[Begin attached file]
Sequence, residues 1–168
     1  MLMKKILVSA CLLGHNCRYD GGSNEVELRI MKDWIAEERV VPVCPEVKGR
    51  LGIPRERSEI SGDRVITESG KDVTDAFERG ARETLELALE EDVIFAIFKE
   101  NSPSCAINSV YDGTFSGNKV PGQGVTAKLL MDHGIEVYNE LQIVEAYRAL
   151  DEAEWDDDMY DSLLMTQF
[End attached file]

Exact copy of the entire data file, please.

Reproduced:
Sequence, residues 1–168
     1  MLMKKILVSA CLLGHNCRYD GGSNEVELRI MKDWIAEERV VPVCPEVKGR
    51  LGIPRERSEI SGDRVITESG KDVTDAFERG ARETLELALE EDVIFAIFKE
   101  NSPSCAINSV YDGTFSGNKV PGQGVTAKLL MDHGIEVYNE LQIVEAYRAL
   151  DEAEWDDDMY DSLLMTQF